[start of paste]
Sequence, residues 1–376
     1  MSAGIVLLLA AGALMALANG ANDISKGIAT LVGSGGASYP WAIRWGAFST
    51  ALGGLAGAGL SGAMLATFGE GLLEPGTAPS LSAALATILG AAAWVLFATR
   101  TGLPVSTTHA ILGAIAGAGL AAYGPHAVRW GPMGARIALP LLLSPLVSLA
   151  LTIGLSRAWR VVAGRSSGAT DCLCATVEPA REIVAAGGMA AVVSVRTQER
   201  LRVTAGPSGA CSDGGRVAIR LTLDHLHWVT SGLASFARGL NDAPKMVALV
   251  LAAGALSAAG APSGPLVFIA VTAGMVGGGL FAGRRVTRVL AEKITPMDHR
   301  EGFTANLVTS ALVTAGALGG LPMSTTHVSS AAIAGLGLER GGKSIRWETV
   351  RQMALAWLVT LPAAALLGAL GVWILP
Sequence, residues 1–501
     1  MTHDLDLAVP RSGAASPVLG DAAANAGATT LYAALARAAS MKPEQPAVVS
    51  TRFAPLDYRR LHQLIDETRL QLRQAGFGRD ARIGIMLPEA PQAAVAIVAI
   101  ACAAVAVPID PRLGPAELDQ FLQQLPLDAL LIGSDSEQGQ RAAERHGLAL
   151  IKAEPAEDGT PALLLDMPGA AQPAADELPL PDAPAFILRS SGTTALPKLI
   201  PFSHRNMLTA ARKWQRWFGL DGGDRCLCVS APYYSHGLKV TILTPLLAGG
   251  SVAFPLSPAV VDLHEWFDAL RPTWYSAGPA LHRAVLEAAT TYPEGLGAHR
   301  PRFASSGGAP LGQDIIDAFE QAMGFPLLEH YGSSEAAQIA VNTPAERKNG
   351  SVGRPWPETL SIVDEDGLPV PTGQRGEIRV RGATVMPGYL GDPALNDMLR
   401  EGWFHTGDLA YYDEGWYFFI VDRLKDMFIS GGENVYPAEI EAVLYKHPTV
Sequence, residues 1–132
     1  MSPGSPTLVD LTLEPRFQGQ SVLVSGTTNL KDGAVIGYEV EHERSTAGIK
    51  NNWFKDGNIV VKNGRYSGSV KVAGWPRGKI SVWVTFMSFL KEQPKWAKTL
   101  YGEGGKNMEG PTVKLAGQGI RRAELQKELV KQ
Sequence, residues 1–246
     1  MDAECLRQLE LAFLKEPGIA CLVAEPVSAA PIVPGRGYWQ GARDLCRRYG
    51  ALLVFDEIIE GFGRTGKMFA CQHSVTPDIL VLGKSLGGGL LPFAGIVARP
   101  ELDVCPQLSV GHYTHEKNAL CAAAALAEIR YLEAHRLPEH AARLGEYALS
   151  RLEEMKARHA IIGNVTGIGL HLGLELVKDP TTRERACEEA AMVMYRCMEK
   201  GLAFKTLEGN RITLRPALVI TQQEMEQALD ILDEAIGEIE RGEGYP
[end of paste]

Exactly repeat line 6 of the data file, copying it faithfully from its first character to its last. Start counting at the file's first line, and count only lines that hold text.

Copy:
   201  LRVTAGPSGA CSDGGRVAIR LTLDHLHWVT SGLASFARGL NDAPKMVALV